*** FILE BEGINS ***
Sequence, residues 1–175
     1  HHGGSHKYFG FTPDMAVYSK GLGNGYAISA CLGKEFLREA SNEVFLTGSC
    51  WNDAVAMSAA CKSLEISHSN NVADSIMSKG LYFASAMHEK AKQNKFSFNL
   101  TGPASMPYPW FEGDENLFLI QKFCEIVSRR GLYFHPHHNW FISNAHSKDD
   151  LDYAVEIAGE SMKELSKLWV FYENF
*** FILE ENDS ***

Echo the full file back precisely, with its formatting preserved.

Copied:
Sequence, residues 1–175
     1  HHGGSHKYFG FTPDMAVYSK GLGNGYAISA CLGKEFLREA SNEVFLTGSC
    51  WNDAVAMSAA CKSLEISHSN NVADSIMSKG LYFASAMHEK AKQNKFSFNL
   101  TGPASMPYPW FEGDENLFLI QKFCEIVSRR GLYFHPHHNW FISNAHSKDD
   151  LDYAVEIAGE SMKELSKLWV FYENF